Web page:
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Influenza A makes early appearance in Grey-Bruce


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Someone in Bruce County has tested positive for the flu, a sign the annual respiratory bug has come early this year, the Grey Bruce Health Unit announced Thursday.

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Influenza A was lab-confirmed Sept. 20. In years immediately before COVID-19 in Grey-Bruce, it was confirmed by a lab on Nov. 18, 2018 and on Nov. 20, 2019.

Influenza A is a highly contagious virus which circulates in Ontario every fall and winter and is one which people should get vaccinated against, a health unit doctor said.

“We strongly urge everyone in Grey-Bruce who is eligible to get the annual flu shot as soon as possible once it becomes available this fall,” physician consultant Dr. Rim Zayed said in the release. “The flu vaccine is the single most effective way to prevent illness and complications from influenza.”

The National Advisory Committee on Immunization recommends everyone aged six months and older without contraindications to the vaccine should receive the flu shot each year.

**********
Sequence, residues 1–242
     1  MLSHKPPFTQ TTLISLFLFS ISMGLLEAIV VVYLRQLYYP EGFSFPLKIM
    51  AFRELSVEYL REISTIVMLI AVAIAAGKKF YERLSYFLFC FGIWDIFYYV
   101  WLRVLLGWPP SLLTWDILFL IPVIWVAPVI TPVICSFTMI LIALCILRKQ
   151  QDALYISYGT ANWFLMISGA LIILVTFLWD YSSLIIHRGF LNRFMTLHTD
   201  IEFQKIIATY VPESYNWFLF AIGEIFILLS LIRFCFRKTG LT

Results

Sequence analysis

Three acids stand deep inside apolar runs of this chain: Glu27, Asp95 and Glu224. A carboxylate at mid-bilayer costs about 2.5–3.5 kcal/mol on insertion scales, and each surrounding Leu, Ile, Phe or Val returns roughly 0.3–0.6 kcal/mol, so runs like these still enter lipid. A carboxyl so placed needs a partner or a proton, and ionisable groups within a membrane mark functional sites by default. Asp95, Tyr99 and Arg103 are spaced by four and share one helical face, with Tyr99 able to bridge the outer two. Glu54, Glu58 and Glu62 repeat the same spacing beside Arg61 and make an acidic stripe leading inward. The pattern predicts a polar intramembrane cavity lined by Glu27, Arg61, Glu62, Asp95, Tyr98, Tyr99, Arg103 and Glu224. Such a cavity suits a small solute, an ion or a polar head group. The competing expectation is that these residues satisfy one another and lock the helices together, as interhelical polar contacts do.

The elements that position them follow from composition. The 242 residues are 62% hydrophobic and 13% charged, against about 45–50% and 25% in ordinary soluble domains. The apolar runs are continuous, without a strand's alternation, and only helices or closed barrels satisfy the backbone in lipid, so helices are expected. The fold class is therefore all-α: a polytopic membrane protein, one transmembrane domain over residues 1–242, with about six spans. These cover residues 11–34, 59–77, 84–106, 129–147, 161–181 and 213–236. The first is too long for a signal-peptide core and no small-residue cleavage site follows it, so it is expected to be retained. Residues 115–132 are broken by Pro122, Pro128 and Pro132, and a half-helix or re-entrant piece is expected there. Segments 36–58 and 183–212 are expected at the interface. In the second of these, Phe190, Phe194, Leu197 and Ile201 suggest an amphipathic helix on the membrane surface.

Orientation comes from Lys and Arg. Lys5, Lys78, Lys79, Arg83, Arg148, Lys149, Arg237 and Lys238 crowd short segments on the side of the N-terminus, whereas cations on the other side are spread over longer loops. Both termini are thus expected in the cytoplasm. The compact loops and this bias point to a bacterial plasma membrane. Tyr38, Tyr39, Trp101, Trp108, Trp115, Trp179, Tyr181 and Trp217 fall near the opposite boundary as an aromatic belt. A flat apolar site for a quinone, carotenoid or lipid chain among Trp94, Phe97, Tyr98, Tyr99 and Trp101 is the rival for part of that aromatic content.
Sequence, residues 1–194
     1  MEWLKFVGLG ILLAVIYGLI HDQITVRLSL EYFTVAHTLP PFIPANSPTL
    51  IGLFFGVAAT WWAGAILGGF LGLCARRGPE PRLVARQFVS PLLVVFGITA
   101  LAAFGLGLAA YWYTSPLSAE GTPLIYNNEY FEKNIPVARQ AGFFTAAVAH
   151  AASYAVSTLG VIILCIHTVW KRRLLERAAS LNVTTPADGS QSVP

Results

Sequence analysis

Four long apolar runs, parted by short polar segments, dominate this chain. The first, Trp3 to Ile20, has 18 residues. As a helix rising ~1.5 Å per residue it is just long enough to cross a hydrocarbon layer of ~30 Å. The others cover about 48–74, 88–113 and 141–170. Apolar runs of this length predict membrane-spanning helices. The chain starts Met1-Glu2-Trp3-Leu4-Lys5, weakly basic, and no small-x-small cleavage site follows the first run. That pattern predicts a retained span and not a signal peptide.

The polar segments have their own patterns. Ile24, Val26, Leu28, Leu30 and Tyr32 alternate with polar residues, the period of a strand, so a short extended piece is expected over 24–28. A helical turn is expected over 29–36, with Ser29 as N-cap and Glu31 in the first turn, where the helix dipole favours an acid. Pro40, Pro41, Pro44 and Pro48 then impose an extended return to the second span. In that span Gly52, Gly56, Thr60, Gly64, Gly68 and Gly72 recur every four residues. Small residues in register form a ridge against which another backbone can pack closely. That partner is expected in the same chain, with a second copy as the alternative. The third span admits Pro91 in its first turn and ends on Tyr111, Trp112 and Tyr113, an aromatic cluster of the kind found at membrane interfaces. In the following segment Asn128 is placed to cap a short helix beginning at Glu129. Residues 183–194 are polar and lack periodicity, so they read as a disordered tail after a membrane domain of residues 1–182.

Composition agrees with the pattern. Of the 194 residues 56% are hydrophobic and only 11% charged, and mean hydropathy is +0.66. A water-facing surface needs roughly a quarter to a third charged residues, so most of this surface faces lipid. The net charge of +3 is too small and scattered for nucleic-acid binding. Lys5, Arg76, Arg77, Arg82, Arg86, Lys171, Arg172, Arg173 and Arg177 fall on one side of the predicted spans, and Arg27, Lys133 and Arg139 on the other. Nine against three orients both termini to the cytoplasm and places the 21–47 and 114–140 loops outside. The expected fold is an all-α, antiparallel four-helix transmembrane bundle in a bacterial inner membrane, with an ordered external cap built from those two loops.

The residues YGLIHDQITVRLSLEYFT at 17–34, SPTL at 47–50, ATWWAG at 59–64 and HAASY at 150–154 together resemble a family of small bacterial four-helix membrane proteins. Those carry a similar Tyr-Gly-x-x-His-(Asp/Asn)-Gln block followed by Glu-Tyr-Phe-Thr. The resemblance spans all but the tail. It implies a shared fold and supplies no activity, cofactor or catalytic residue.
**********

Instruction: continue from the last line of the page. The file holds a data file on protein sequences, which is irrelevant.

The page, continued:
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People at higher risk of developing influenza-related complications or being hospitalized included anyone 65 years and older, kids aged six months to 59 months, and long-term care and chronic-care facility residents.

Adults and children with chronic health conditions, Indigenous people and pregnant people are also at higher risk of complications or hospitalization due to the flu.

Anyone older than five years can get the influenza and COVID-19 vaccines in a single appointment, as there is no required time interval between doses, the health unit release said.

Like with COVID-19, stay home if feeling unwell with the flu, wash hands frequently, sanitize commonly used surfaces frequently, cough and sneeze into your sleeve or tissue, and wash your hands afterward to avoid transmitting the virus to others.

Meanwhile, the health unit said the seasonal flu is from different virus strains than the avian flu discovered in a small flock of birds in Harrison Park in Owen Sound.

Avian flu does not spread easily from infected birds to humans and an avian flu outbreak doesn’t mean there will be a human outbreak,” the health unit release said.



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